| This course prepares the participants for linguistic fieldwork. To that end, the course goals are:
(1) to familiarize the participants with two data collection techniques: controlled elicitation and text analysis;
(2) to accustom the participants to independently process and analyze linguistic data;
(3) to enable the participants to develop a descriptive analysis through a dialectic between data collection and reflection upon those data.
|Dryer, Matthew S. (2006). Descriptive theories, explanatory theories, and basic linguistic theory. In Felix Ameka, Alan Dench, & Nicholas Evans (eds.) Catching language: issues in grammar writing. Berlin: Mouton de Gruyter.|
Matthewson, Lisa (2004). On the methodology of semantic fieldwork. International Journal of American Linguistics 70, 369-415.
Payne, Thomas E. (1997). Describing Morphosyntax: A guide for field linguists. Cambridge University Press.
Remijsen, Bert & Caguor Adong Manyang (2009). Luanyjang Dinka. Journal of the International Phonetic Association 39(1), 113-124. [please use the version with embedded sound examples]
Tuttle, Siri & Merton Sandoval (2002) Jicarilla Apache. Journal of the International Phonetic Association 32(1), 105-112.
Vaux, Bert & Justin Cooper (1999). Introduction to linguistic field methods. Lincom Europe.
Woodbury, Tony (2003). Defining documentary linguistics. Language Documentation and Description 1, 35-51.
|Graduate Attributes and Skills
||In this course the students develop several skills that are of relevant outside the study of linguistics: (1) collecting, processing, and analysing original qualitative data; (2) to solve problems through critical analysis of original data.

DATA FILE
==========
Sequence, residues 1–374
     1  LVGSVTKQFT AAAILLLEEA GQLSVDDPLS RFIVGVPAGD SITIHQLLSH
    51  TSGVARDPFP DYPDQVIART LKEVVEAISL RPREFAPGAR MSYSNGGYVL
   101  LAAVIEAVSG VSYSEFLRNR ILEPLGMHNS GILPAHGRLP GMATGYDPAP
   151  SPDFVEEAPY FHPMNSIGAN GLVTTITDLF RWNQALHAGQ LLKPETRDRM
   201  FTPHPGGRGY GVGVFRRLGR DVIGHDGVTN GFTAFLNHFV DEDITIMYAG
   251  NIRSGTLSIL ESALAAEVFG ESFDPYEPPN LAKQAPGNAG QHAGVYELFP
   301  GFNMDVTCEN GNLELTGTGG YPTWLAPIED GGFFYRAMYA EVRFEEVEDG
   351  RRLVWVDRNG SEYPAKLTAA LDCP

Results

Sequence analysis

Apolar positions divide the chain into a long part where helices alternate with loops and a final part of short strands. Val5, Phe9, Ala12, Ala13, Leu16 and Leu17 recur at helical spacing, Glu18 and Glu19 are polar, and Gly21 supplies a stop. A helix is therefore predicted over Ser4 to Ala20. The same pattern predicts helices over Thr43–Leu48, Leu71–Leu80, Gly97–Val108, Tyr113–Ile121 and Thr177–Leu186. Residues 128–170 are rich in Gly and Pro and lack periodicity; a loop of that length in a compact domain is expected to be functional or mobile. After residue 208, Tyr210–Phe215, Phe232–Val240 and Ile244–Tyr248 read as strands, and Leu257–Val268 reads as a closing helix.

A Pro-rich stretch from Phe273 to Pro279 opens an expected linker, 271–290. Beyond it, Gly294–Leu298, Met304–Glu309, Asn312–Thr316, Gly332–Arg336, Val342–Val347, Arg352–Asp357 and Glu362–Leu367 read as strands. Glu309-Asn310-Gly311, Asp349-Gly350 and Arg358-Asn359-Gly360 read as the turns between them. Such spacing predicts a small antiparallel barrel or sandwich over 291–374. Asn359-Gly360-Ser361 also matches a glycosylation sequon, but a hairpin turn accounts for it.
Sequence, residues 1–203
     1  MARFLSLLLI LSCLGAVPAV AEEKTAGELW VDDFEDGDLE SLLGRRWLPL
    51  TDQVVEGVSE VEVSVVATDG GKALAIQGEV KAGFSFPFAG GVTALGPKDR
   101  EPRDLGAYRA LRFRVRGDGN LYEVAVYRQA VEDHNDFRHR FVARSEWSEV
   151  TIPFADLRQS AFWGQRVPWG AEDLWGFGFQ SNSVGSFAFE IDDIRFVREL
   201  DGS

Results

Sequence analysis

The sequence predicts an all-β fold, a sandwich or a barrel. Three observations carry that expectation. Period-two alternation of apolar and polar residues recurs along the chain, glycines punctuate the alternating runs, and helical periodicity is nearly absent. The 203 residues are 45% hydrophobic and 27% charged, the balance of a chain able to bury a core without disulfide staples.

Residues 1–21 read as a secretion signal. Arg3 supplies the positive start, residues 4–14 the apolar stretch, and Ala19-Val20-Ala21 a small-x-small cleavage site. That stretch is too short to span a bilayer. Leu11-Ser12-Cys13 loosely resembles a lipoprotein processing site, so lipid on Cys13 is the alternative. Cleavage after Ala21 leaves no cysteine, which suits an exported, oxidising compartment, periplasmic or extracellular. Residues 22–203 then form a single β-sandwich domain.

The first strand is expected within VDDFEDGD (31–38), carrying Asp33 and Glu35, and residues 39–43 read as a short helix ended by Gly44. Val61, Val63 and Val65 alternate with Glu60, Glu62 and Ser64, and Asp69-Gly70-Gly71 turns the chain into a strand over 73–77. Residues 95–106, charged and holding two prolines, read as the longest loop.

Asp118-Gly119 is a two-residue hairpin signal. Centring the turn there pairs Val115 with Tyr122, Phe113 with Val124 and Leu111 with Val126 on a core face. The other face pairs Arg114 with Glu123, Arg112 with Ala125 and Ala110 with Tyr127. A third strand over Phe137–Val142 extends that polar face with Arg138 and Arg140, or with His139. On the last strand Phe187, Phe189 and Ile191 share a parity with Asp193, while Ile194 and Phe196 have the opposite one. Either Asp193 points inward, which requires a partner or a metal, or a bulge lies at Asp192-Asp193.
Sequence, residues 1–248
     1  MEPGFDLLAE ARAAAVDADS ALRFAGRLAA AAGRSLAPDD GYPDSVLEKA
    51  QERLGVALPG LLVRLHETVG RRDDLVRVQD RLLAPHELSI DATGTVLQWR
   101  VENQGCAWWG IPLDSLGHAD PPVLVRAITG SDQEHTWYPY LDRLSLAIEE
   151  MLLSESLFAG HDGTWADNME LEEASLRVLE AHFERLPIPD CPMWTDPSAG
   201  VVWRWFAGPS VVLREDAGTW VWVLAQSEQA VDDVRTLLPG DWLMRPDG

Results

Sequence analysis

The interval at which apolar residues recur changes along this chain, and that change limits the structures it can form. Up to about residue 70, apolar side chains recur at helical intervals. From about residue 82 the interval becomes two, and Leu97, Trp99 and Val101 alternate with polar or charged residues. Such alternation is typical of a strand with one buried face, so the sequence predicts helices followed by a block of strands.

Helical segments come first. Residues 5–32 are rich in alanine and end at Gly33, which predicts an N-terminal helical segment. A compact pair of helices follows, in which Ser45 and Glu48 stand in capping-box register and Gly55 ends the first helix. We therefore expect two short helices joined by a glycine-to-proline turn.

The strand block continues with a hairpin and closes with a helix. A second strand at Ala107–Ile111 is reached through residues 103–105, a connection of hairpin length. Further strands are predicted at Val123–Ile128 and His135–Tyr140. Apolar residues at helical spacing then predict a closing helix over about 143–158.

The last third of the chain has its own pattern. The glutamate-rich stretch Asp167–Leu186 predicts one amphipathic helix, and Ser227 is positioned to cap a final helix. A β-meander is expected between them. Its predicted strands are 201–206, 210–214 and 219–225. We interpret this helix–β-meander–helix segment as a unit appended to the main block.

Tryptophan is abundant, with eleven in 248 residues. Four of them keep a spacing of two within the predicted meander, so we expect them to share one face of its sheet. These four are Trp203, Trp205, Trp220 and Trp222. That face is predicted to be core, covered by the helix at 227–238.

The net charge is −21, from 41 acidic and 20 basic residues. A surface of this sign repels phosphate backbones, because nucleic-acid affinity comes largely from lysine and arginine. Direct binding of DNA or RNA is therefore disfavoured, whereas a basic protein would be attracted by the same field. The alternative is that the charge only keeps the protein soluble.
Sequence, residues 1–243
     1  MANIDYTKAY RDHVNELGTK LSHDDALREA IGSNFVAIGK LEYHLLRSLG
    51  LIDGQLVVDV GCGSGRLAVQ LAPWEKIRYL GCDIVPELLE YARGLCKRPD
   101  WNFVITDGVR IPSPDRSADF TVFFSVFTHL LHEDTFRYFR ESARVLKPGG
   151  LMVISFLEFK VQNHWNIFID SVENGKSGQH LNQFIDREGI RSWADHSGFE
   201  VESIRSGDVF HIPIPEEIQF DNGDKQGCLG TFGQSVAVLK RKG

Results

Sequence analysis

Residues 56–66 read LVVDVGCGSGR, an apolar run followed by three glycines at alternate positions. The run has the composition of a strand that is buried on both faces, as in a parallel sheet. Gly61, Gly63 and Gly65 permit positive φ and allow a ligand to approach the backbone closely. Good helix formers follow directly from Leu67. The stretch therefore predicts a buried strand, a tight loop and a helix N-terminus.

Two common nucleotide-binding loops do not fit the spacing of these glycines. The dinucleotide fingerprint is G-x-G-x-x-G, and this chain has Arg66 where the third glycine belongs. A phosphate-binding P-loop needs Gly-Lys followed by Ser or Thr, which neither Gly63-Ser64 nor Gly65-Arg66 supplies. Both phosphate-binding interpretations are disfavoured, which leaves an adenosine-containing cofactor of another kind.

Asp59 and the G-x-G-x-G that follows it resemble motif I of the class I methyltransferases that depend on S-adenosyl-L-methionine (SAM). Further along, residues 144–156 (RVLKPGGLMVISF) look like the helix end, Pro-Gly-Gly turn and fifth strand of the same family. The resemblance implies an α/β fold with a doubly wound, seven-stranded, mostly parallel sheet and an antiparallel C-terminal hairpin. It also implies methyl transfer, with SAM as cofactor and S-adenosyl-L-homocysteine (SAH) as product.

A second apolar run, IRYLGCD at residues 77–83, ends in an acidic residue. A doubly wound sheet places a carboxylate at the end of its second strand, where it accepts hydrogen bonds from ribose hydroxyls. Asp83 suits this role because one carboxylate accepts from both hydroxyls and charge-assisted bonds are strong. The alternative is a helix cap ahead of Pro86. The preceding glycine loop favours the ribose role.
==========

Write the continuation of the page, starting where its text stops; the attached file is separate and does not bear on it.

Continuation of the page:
|Additional Class Delivery Information
||1. Sessions with native-speaker consultant
The sessions with a native-speaker consultant constitute the backbone of the course. Active participation is essential here ¿ it is up to the students themselves to elicit most of the data. These sessions make up two thirds of the total contact time. In these sessions, the participants elicit data from a native speaker of an unfamiliar language, and analyse narrative material with the native speaker¿s assistance. The students themselves prepare the material to be elicited before the session. Recordings are made at several points, to support the analysis of the sound system and the grammar, and also to have a narrative to use for text analysis.
Initially, the students elicit words in isolation and in simple sentences. When they have developed an understanding of the fundamentals of the sound system, the investigation shifts towards the morphology and syntax of the language, and the constructions become more varied and complex. At some point along the way, we start with text analysis, which provides data that are complementary to the material collected through controlled elicitation.
Performance in the elicitation sessions is part of the assessment (cf. below). In order to perform well in these sessions, the students need to carefully process and analyse the material collected in each session, as soon as possible after the end of the session. This analytic work should then inform the preparation of materials to be collected in the following session.
2. Lectures and readings
The third of the three weekly contact hours is a lecture. Along with the weekly required reading, the lectures support the discovery process in the data collection sessions, and stimulate the linguistic analysis of the resulting data. For example, if there is evidence of lexical specification of tone, the next lecture may offer an introduction on how to investigate tone, and background information on this topic. The lecture is also used to offer feedback and advice on elicitation performance.
|Course organiser||Dr Albert Remijsen
Tel: (0131 6)50 6657
|Course secretary||Miss Samantha Bell
Tel: (0131 6)50 3602